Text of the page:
Fremantle embraces Containers for Change | City of Fremantle

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9 months ago in Sustainability
Fremantle embraces Containers for Change

Residents of Fremantle and surrounding suburbs will be able to drop off empty bottles, cans and cartons at the City of Fremantle’s new refund point when WA’s Container Deposit Scheme kicks off on 2 June.

The City of Fremantle was one of 145 organisations chosen to operate a refund point as part of the Containers for Change scheme, which will allow people to claim a 10 cent refund for every eligible beverage container they hand in.

Fremantle Council this week approved the City’s participation in the scheme and the setting up of a refund point at the City of Fremantle works depot.

Fremantle Mayor Brad Pettitt said the Containers for Change refund point represented an exciting opportunity for the City and the community.

“Experience with container deposits schemes in other states has shown they result in a dramatic reduction in litter and a huge increase in recycling rates, so it’s terrific that one is finally being introduced in WA,” Mayor Pettitt said.

“Containers for Change will also create a great fundraising opportunity for schools, sporting clubs and community groups, who can collect up all their empty bottles and cans and bring them into the City’s refund point to claim their 10 cents.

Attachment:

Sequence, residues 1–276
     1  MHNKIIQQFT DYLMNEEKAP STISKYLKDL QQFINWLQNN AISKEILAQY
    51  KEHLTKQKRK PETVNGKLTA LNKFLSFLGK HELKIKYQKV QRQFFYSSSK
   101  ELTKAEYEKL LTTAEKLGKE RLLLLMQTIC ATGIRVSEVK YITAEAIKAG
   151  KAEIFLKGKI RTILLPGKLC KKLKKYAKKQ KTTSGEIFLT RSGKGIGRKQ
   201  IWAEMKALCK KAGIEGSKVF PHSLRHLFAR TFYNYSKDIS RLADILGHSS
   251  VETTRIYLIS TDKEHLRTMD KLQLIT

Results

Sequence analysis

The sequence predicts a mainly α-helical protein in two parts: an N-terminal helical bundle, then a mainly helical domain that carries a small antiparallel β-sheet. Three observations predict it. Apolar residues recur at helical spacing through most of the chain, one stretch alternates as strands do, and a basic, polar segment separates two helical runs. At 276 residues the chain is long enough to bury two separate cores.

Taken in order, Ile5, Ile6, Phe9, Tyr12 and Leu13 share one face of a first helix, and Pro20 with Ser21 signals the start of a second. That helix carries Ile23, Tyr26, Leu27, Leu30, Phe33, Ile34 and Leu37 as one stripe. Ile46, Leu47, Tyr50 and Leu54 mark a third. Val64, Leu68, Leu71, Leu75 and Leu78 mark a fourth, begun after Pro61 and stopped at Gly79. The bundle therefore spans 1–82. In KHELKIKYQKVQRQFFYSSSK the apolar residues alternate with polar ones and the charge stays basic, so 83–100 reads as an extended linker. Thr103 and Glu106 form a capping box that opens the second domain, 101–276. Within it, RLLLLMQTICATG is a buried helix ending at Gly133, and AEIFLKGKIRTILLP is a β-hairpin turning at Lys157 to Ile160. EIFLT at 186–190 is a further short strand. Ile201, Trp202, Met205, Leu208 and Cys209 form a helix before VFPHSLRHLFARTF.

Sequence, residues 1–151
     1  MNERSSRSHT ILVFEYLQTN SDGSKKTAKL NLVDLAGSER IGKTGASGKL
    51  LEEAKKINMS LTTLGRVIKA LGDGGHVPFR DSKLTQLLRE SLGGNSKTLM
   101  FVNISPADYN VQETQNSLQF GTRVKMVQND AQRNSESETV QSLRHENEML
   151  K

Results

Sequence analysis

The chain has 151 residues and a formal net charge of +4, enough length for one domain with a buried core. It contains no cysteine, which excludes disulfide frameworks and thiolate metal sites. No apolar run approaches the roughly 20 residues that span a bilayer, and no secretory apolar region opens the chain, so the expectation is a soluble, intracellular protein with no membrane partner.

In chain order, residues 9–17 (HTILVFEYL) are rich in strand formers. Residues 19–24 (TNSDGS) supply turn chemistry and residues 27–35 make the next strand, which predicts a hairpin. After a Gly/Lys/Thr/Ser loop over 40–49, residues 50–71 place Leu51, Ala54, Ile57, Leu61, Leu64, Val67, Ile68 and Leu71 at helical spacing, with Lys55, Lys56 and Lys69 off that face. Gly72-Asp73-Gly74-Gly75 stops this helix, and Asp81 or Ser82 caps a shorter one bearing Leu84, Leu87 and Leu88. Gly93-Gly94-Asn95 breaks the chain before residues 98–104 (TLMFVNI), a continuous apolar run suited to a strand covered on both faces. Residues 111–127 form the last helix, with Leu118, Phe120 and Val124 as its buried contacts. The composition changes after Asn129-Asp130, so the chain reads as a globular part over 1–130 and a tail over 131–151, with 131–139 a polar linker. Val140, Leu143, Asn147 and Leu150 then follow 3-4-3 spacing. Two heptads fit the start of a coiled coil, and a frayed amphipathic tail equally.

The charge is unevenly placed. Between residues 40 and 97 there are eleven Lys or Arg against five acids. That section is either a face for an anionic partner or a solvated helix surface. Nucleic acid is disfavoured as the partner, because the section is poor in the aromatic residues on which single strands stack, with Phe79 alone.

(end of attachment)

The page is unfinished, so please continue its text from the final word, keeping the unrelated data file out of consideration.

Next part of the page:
“Once we’ve covered the initial set-up costs we expect the refund point will also make a small profit for the City, which we will then be able to re-invest back into the community.”

The City of Fremantle’s refund point will be located next to the Fremantle Recycling Centre and Reuse Shop opposite the golf course on Montreal Street.

People depositing containers will be able to claim their refund through an electronic funds transfer directly into their bank account or as a cash payment.

They will also be able to donate their refund to a participating organisation, school or charity.

Population estimates for the area indicate Fremantle’s refund point would cater for about 42,000 people, with conservative estimates suggesting it would receive an average of 2622 containers an hour, almost 20,000 containers a day and 7.2 million containers a year.

Eligible containers include most aluminium, glass, plastic, steel and liquid paperboard beverage containers between 150ml and three litres which are typically consumed outside the home.

Containers not commonly found in litter - such as plain milk cartons, wine and spirit bottles – are not included.

For more information visit the Containers for Change website.